“If you are serious, you have to spare time! …..If you have no time, I can understand….. This year, take a lump of clay from my lot and try molding.”

That was a good idea. I came back with a handful. I had to do something before it dried. So, I prepared an idol remaining awake all night. There were no electric bulbs those days and I had to work like a half blind person ferociously.

I was watching my creation in the morning when I sensed Grandma’s presence behind me.

“What is that?” She said.

“Ganapati – prepared in dark” I said.

“Oh! ….. It looks nice, but I thought it was a lotus flower with leaves…”

“This is Lord Ganapati….Where is the lotus? And leaves?”

“Well, I used my imagination…It is not exactly lotus and leaves….”

Before she said anything further, I destroyed my creation, although she was trying to stop me.

“I have to do it on Sunday,” I said, “So that I have a full day and daylight to mold.”

On Sunday morning, I went to Sambashiv. He was busy sanding and white-washing the unfinished idols. He heard my ‘Lotus-Leaves’ story and said,

“Ordinary people cannot understand how little artists suffer….Take some more clay if you want…but not anymore. This is the last installment …… And on your way back, visit the new studio that has come up this year.”

I went there. It was the studio one of our teachers had opened! I never knew he was an artist; he taught us mathematics! I looked at his creations and immediately knew why Sambashiv had sent me there. The idols indeed resembled mathematical symbols instead of God. Sambashiv’s were real statues, with affable faces and perfectly proportioned body parts. If Gods were there, they would look like his creations…. But these? …. Our teacher’s creations were worse than mine. Not even a remote chance to come anywhere near to Sambashiv’s talent … It was only that the idols were already painted and  appeared passable although garish. These were ready for sale, ahead of Sambashiv and half priced. Paint and Price makes the difference, not the clay! I was relieved.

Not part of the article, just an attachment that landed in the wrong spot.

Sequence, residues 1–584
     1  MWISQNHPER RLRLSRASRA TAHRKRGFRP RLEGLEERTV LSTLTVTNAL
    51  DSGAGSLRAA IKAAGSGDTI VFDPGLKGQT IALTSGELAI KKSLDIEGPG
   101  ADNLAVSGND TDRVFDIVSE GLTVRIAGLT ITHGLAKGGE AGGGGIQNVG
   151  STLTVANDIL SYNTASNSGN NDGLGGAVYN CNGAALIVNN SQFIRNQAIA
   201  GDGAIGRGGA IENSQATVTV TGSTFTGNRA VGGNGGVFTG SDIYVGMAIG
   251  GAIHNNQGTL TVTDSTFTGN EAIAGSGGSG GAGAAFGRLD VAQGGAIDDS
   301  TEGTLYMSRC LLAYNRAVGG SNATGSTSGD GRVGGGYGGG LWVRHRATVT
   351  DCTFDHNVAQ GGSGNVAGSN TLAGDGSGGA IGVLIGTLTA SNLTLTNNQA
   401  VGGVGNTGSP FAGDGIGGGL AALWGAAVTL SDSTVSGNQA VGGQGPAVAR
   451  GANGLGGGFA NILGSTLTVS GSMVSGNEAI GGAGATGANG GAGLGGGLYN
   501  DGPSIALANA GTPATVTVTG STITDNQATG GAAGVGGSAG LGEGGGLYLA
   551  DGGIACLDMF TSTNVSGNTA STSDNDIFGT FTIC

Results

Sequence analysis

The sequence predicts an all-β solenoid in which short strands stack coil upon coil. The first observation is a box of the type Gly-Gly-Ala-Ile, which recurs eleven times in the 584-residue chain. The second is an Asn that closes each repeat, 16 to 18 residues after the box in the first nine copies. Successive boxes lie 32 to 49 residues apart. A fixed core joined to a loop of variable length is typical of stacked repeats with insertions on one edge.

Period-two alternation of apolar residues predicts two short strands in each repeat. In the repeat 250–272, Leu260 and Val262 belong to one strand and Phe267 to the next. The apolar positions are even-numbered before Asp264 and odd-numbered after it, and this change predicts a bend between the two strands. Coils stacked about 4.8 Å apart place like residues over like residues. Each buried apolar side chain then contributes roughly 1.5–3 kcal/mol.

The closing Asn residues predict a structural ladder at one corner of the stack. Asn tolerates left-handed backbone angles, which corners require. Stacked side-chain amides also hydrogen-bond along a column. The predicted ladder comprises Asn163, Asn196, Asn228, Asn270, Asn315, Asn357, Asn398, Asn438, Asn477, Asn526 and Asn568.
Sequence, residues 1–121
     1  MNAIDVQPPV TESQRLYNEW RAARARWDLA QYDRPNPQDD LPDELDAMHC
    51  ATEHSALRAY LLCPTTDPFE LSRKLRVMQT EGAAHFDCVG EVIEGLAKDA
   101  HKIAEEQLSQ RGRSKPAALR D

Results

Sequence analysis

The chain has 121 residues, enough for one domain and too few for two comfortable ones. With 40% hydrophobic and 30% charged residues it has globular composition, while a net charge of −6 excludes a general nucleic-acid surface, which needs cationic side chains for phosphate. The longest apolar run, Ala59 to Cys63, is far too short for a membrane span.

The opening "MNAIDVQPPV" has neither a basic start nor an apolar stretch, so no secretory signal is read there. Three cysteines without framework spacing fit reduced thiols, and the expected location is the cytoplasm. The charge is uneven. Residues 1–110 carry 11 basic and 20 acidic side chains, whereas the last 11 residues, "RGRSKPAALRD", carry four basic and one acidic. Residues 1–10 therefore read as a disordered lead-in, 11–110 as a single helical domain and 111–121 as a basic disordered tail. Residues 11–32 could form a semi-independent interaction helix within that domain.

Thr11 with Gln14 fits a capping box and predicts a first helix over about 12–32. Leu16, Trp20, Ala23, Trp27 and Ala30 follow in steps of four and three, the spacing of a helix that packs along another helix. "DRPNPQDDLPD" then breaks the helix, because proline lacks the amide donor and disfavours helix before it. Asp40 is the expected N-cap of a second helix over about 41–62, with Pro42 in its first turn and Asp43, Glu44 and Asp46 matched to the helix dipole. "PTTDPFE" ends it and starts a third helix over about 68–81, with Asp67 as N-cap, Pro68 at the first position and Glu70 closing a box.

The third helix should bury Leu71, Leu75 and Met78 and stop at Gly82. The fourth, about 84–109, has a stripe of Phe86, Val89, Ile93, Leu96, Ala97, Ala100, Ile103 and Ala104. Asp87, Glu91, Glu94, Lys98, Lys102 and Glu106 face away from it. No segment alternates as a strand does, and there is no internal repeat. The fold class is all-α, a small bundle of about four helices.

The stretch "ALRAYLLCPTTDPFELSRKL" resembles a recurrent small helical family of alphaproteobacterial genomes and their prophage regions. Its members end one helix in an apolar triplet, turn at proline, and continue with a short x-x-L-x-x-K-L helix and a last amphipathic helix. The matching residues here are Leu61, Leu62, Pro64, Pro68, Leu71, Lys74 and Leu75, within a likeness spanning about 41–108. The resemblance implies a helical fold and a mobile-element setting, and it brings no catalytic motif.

I spent the Sunday crafting the idol. It was better than ‘Lotus-Leaves’ this time. Further, it was ‘mine’ and as I had wanted. My Lord was sitting on a snake that had five heads.

Since it was Sunday, I did not have to bother much about Grandma, except for keeping the meal timings. She however kept a close watch and did not comment this time.

Once finished, I kept the idol aside for drying. In few days, it started developing cracks here and there, but not as serious as with my own clay-mix. ‘Keep Mending!’ was the advice I received from Sambashiv.

I had to fight with Grandma to get me the water colors.

“What a waste,” She said, “The statue looks just as good without paint!”